Hurt You ~ By Marie Myung-Ok Lee
(Blackstone Publishing, Houston, 2023, ISBN #979-2-0007-5809-8)
Review by Joanne Rhim Lee (Summer 2023)
Georgia Kim and her family have just moved from the big city to the suburbs in hopes of finding better schools for her and her older brother Leo. Changing schools in the middle of high school would be hard on anyone, but Georgia is up for the challenge.
This may seem like a run-of-the-mill young adult (YA) fiction plot, but from the opening pages of Marie Myung-Ok Lee’s Hurt You, it is clear that Georgia is tackling tougher issues than the average teenager. Though her father has big dreams for her to attend an Ivy League college and follow in his footsteps of becoming a doctor, the larger reason that the family has moved to this seemingly idyllic suburb is so that Leo can receive better services for his severe neurological disability.
Leo is almost an adult, but he is non-verbal and needs help with basic skills such as grooming and eating. Georgia, the younger sibling by two years, has been at his side her entire life, helping him navigate the world around him. While her parents worry about the heavy burden this is on her, and her peers comment that she is a saint for caring for him, Georgia doesn’t see it that way. She loves Leo more than anyone, and besides, this just what siblings do for each other.
Lee’s first and perhaps best-known YA novel, Finding My Voice, initially published in 1992 and reissued in 2021, clearly demonstrated this author’s gift for understanding teens and capturing the unique challenges that Asian Americans face in majority white schools.
The author also has a personal journey related to the story of Hurt You — she has written several articles over the years of parenting her son, who she refers to as J. J lives with autism. He seldom spoke during childhood, and was diagnosed as having a very low intellectual ability. The author shows compassion for how neuro-atypical people are perceived in the world, and her viewpoint is reflected in the character of Georgia. In recent years, the professionals’ predictions about J have been proven false; in his early 20s, he started speaking, learning to skateboard, and writing enthusiastically on his Ipad.
In the story, Georgia is described as a good student, but as the new kid, she finds it difficult to make friends at first. Who will she sit with at lunch and on the bus ride home? In unwinding the story of Hurt You, Lee adds another layer to Georgia’s tale, modeling her story on John Steinbeck’s classic Of Mice and Men. Part of Leo’s genetic condition is that he is a very large kid, and not aware of his unusual strength and the space that he takes up. He gets easily excited and irritated when his regular schedule is disrupted, and often has meltdowns in public places.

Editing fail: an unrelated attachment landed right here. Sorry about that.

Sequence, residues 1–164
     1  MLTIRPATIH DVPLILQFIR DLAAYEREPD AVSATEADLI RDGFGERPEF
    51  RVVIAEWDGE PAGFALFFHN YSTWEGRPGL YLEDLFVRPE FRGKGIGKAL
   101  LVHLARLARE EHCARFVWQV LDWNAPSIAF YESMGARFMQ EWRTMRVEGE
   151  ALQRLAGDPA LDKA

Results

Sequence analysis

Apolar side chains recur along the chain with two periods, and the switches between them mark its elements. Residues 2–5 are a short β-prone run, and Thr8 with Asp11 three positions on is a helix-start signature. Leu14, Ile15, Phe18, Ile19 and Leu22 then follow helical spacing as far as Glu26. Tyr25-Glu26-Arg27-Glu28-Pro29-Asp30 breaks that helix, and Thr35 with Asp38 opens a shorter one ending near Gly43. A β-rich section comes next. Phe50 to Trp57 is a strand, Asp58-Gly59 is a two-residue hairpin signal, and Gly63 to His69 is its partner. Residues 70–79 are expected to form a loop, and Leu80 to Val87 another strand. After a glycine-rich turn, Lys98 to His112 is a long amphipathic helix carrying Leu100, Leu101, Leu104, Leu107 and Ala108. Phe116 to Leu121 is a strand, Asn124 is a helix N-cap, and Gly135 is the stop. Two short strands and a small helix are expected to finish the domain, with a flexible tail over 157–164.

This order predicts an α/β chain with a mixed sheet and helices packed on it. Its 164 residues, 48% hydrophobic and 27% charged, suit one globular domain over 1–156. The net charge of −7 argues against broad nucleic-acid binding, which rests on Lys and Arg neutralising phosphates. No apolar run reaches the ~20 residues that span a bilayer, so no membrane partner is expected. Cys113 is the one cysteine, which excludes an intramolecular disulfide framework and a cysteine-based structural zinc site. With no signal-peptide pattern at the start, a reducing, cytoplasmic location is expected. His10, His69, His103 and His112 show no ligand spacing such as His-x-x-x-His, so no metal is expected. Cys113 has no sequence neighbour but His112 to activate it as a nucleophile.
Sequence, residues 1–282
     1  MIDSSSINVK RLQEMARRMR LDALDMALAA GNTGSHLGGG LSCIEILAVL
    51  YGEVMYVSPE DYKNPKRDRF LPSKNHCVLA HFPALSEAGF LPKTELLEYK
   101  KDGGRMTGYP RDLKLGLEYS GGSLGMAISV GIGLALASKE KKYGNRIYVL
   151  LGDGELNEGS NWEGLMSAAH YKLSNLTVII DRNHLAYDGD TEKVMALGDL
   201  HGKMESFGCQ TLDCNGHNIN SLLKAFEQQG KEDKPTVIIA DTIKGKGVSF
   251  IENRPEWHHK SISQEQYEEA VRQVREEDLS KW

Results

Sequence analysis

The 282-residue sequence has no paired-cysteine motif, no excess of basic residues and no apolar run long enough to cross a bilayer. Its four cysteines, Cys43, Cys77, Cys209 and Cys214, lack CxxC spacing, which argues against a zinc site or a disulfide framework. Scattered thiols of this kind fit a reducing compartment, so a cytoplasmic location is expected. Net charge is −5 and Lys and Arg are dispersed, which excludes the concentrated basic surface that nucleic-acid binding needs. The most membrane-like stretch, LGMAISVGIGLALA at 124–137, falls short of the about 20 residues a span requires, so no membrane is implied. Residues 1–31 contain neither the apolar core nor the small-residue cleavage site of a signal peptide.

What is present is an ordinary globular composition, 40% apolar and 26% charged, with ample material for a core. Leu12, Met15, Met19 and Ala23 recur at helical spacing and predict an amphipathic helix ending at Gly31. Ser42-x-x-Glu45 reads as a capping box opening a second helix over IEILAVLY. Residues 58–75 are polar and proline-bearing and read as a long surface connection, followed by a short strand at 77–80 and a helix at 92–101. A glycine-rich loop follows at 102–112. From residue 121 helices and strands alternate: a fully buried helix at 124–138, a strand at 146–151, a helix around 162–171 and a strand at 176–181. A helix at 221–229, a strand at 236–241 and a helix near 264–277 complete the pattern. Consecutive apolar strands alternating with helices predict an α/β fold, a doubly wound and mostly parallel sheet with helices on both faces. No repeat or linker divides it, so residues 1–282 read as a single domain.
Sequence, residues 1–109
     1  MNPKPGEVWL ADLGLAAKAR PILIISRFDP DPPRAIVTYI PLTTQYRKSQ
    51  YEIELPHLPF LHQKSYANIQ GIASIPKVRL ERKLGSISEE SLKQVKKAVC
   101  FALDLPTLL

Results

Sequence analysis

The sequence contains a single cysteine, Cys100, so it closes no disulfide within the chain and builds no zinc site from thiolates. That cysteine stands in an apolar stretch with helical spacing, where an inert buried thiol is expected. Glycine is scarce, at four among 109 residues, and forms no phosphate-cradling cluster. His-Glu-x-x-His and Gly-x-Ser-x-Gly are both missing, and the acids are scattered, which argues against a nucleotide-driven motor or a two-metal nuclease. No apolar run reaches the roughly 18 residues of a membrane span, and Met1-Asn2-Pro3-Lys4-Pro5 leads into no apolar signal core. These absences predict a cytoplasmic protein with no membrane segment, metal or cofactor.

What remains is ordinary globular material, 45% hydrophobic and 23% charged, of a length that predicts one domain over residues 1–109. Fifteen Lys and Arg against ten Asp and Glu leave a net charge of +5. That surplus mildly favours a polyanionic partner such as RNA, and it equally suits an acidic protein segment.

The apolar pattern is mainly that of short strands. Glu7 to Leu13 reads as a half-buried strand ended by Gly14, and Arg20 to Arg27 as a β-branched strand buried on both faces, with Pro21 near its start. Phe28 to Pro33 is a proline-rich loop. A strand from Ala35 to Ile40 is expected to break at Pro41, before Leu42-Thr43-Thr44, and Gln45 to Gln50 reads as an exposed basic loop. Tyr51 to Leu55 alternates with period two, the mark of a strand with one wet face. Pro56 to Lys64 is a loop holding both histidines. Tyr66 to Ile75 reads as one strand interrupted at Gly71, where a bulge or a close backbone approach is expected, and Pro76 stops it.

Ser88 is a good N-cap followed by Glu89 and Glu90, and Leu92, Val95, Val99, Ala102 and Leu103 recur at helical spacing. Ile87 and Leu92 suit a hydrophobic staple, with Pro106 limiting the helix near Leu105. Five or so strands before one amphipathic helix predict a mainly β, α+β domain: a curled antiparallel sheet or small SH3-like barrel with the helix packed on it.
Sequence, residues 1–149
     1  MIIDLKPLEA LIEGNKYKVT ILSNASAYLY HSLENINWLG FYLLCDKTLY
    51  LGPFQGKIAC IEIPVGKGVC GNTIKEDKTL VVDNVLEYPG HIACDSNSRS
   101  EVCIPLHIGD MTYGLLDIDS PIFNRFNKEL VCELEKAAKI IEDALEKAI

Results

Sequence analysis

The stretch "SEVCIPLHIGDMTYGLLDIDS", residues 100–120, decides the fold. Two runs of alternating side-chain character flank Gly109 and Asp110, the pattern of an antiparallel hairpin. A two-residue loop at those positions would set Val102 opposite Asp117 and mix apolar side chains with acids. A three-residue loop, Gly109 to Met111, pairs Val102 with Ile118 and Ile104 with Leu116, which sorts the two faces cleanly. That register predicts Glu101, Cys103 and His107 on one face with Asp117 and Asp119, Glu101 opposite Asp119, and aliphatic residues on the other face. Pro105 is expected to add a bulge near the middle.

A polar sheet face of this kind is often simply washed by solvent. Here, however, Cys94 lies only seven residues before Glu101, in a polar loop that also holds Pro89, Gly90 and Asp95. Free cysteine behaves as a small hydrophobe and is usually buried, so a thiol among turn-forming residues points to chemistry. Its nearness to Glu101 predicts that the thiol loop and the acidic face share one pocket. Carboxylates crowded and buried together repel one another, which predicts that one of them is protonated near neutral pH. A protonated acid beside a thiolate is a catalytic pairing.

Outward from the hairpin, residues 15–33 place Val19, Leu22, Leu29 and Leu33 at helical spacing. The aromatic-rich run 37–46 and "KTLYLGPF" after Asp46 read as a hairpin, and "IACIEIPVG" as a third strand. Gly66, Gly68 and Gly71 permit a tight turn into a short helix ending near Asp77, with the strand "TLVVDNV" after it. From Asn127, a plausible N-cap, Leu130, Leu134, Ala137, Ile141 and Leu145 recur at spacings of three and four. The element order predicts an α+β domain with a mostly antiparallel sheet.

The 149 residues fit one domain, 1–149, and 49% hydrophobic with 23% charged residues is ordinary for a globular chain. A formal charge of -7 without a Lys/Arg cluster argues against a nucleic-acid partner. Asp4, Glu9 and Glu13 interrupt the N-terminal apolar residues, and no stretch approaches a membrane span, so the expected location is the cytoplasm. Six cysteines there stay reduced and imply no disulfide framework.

Leo’s parents do their best to shelter Leo and avoid putting him in any potentially disruptive situations, but Georgia is more courageous in introducing him to new environments, as she somehow knows how to keep him calm and happy. Leo’s favorite thing in the world is furry baby bunnies, and Georgia knows that deep inside, he is soft and gentle as well.
Of course, not everyone is as patient and understanding as Georgia. There’s Curley, the popular kid and school bully who taunts Leo and the other special ed kids. There are also strangers in stores who become exasperated when Leo suddenly stops moving and blocks the aisles. He often endures anger from strangers, and is called demeaning names.
In addition to the discrimination Leo faces for his disability, the Kim family also faces racism in their new suburban community, receiving comments about “these foreigners” and “these immigrants” who have infiltrated their neighborhoods. Likewise, Georgia’s first new friend Calvin, a fellow newcomer to Sunnyvale, faces both microaggressions and macroaggressions because he’s the only Black kid around.
Calvin and Georgia begin attending a hagwon, an after-school study program run by a local Korean American family, and begin to build their own community with the kids there. At the hagwon, Leo is not only welcomed, but embraced. Where some might see only Leo’s weaknesses and deficiencies, their new friends see his unique strengths and talents.
Georgia and her parents face questions about Leo’s impending adulthood, there is a great deal of hope, but also pain, which is expressed with understanding by the author. Though John Steinbeck wrote his classic book in the 1930s, the themes from Of Mice and Men still resonate today, almost a century later, in this modern-day parallel.
With sensitivity and optimism, the author has produced another YA novel that contains important life lessons for younger and older adults; that differently-abled individuals face the same harsh world as they transition into adult life, except with fewer tools and less armor than others. Accommodating all abilities and all gifts into society is a challenge the whole society needs to face.
Joanne Rhim Lee has written for KQ for the past twenty years, and is a huge fan! Originally from Chicago, she has lived in St. Paul for the past 25 years with her husband and three children. She currently teaches History at Century College, and is a graduate of Carleton College and Stanford University.